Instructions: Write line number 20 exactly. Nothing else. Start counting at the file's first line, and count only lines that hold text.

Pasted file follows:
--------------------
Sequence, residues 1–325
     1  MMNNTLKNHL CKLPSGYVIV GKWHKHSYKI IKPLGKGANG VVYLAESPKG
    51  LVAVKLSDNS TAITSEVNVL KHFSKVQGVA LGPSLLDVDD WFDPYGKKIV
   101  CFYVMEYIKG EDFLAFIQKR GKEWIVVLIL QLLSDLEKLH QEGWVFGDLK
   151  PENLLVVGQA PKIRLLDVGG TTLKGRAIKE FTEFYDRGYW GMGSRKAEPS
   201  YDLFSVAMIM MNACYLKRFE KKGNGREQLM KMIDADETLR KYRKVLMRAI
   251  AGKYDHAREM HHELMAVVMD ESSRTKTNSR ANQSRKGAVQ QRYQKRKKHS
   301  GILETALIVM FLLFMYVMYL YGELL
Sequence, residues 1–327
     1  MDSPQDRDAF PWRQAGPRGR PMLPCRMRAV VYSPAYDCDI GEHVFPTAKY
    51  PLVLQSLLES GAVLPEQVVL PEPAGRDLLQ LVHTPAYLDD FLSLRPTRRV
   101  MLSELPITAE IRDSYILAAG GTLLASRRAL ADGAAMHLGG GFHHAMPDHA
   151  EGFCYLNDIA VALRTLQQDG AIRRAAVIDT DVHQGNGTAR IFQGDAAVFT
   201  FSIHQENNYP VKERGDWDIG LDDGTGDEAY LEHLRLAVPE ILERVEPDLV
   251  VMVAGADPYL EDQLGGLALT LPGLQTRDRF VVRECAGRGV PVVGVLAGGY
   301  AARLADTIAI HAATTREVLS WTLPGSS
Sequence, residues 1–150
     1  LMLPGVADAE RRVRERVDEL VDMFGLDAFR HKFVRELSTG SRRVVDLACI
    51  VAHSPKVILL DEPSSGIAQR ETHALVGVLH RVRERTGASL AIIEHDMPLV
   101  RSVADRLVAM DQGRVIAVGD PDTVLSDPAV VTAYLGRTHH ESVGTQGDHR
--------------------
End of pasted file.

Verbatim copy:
   101  RSVADRLVAM DQGRVIAVGD PDTVLSDPAV VTAYLGRTHH ESVGTQGDHR